Home > Four Continent Football, Travel > Four Continent Football: Part 2 – South America (Vasco v Corinthians)

Four Continent Football: Part 2 – South America (Vasco v Corinthians)

Vasco da Gama 2 Corinthians 3, Sao Januário Stadium, Rio de Janeiro, Brazil (24 July 2005)

The build up to this June’s European Championships, with the much-anticipated participation of Ireland in the tournament, is well under way. Ticket applications, team make up and the clamour for James McClean’s inclusion in the squad are all hot topics. Coming straight after our trip to Poland though, is the beginning of our qualification process for the 2014 World Cup, a tournament that will be held in Brazil.

It is 2002 since our last participation at a World Cup (see Four Continent Football – Asia) but Giovanni Trapattoni will be hoping to break our decade long absence from the World Cup and lead his boys to Brazil. The excitement generated with Ireland’s participation in the Euros would be taken to the next level if Ireland could qualify for the next tournament in the country that eats, sleeps and breaths football. What an adventure would await in Brazil.

In 2005, I got the chance to travel to Brazil where I visited the Maracana and the Sao Januário stadium where I took in a game from the top division of the Brazilian Championship when Vasco da Gama played Corinthians. In Rio de Janeiro Vasco’s home ground, the Sao Januário stadium, was built in the 1930’s and is an incredibly picturesque venue. The horseshoe shaped stands means that one end of the stadium is open where behind the goal they have their own chapel called ‘Nossa Senhora das Vitórias’ (Our Lady of Victories). Looking beyond the chapel, the view is of the iconic Christ the Redeemer statue up on Corcovado.

Back in 2005, Vasco were second from bottom of the table, not great for a team with two Championships and a South American Copa Libertadores title in the previous decade. They had a new manager who had brought back a sprightly 39-year-old World Cup winner Romario to bolster his attack. Corinthians meanwhile travelled to the game missing, due to suspension, their then 20-year-old Argentinian striker, Carlos Tevez.

Vasco reserves are playing when we enter the 30,000 capacity stadium and it is just over half full by the time the early evening kick off approaches. The Vasco fans unveil a massive flag that about 50 fans had carried into the stadium on their shoulders. It covers most of one end of the ground. After the teams finish their pre-match on-field interviews, the fireworks stop and the match gets under way. The Corinthian fans arrive in the ground about 10 minutes past kick off following their six hour drive from Sao Paulo. They bring about 1,500 fans including many of their Ultras, the Gavios da Fiel or Hawks of the Faithful.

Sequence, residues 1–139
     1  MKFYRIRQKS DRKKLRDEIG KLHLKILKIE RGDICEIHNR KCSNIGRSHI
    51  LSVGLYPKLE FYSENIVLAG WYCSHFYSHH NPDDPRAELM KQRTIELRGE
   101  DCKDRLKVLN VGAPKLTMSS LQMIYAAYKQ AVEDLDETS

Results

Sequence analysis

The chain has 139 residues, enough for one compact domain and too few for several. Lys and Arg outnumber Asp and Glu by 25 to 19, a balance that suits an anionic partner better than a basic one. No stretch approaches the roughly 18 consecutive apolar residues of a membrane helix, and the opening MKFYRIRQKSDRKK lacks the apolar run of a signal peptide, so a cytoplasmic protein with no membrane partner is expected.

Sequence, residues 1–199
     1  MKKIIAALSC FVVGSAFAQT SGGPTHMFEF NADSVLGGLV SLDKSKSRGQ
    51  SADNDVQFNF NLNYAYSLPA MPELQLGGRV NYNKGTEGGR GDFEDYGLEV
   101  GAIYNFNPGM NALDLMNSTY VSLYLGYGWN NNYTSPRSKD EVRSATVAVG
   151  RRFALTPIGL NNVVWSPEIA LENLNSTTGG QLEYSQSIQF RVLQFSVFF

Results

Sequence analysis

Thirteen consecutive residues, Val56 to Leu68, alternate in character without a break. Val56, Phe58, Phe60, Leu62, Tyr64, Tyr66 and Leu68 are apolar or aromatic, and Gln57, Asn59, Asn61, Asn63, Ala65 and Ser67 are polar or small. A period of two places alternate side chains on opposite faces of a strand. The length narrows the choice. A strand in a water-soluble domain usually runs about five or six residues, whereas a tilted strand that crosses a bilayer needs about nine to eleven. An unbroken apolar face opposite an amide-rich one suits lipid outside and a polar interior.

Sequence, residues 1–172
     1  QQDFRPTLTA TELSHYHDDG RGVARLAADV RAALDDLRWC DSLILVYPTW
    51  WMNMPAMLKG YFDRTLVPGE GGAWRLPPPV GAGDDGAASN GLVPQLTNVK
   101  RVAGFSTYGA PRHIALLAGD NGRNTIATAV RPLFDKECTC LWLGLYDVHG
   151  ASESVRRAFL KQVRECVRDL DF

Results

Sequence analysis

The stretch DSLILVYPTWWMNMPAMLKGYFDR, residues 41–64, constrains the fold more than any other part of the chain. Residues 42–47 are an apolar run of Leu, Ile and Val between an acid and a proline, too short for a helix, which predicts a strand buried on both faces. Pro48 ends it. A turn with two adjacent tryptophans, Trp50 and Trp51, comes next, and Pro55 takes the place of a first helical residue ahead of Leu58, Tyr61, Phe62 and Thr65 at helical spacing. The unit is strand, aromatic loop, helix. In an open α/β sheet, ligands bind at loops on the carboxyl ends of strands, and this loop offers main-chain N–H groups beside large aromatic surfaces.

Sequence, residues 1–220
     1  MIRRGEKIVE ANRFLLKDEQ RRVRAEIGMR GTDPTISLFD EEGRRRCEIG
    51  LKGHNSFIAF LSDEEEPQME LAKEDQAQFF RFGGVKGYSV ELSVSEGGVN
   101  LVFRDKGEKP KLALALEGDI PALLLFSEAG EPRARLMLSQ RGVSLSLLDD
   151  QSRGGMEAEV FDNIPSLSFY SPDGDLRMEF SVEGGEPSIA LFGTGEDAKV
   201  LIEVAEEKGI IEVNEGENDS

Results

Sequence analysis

This was before the days of Brazilian football available on TV in Ireland so I was interested to see the football being much quicker tempo than I thought it would be. The tackles weren’t as crude as I’d expected but the free flowing and surprisingly open football means that the crowd are in for a feast of goals on this evening anyway.

Corinthians open the scoring after 10 minutes but this doesn’t dampen the spirits of Vasco faithful around us as they keep up their incessant chanting, singing and gesticulating. The rhythmic drumming is infectious; I was seeing football played against the famed rhythm of the samba. After 15 minutes, Vasco’s Alex Dias cuts inside, crosses and Romario finds a couple of yards of space to head home the equaliser. Corinthians then began to dominate and slot home a second goal from Jo to go in ahead at the break.

At half time the sellers do a brisk trade in beer and ice cream. This winter football is not exactly harsh with 25-degree temperatures in the ground as dusk descends on Rio. The half time refreshments work a treat with the Vasco team and their fans both coming out fighting. Off the pitch, the police go in heavy with their metre long batons to a section of the crowd below us. On the pitch, Vasco conjure up an equaliser. Corinthians back off allowing Vasco’s playmaker Morias to get a shot away with the outside of his foot that dips and bounces over the keeper.

Vasco go in search of the winner but get caught on the break. The move, like many in the game, saw players willing to take the ball from defence into attack. A couple of quick passes and the ball was sent out into the edge of the box before being rifled home into the bottom corner. Our end of the stadium goes eerily quiet as it erupts down the far end in the away section. The Vasco fans soon wake up as the Corinthians scorer cups his hands to his ears down in front of us. In injury time, some showboating from Corinthians at the corner flag, means that at the final whistle the players come together at the top of the tunnel with verbals and a few punches dished out.

I head out into the Rio night satisfied that I’ve seen a real slice of Brazilian culture – football culture. Ireland will be hoping to be playing in Brazil in 2014 but do actually have the opportunity of playing there next year. Were Ireland to win the Euros, they would of course get an invite as European Champions to the Confederations Cup being held in June 2013! So roll on back-to-back trips to Rio in 2013 and 2014 I say!

Next up in Four Continent Football will be part 3 on Africa and a game at the 2010 World Cup in South Africa

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